This is a fable I ran across from a man calling himself Richard Bell. He does not claim to have invented it.
It’s a fable about 10 monkeys in a cage with a door. They can get out if they want to. Somebody hangs a banana outside the cage. One monkey goes out and reaches for the banana. Suddenly, all the monkeys in the cage are sprayed with a lot of very cold water. When the monkey gets back inside the cage, another one goes out for the banana or a new banana. And the monkeys are doused again. Now, when the third monkey tries to go outside and get the banana, the other monkeys beat him up, because they don’t want to get doused with the ice water. And little by little, all the monkeys in the cage learn not to go out for the banana. And then, one by one, each monkey in the cage is replaced with a new monkey, and each new monkey tries to get a banana and is beaten up by his fellows instead. Only now, there is no ice water. It’s just a reflex. And finally the cage is entirely populated by monkeys who have no experience with the ice water. They just know that, if a monkey tries to go out and get the banana, they have to beat him up.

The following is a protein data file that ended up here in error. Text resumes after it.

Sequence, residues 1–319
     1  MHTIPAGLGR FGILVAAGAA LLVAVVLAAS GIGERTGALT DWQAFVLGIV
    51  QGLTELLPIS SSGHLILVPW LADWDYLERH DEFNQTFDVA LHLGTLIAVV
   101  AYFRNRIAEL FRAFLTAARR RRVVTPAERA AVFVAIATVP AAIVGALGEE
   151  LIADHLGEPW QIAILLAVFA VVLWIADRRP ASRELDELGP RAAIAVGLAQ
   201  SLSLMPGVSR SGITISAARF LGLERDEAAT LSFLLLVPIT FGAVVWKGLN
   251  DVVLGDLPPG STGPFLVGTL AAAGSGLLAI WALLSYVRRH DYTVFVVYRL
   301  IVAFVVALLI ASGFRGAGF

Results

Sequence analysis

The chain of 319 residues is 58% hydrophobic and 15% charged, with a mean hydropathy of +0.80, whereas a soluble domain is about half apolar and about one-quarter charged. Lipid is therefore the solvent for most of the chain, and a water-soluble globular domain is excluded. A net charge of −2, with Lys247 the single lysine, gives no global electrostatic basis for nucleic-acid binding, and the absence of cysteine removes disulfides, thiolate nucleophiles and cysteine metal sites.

I apply it to the field of journalism, where so many thousands of reporters at all levels all over the country intuitively know not to go near certain stories, or types of stories, and who will crush anyone in their profession who does.
Gary Webb, for instance, whose piece called “Dark Alliance,” about how CIA was behind the influx of crack cocaine into the Los Angeles area, was viciously attacked by other journalists.Webb died in 2004 at age 49, allegedly a suicide.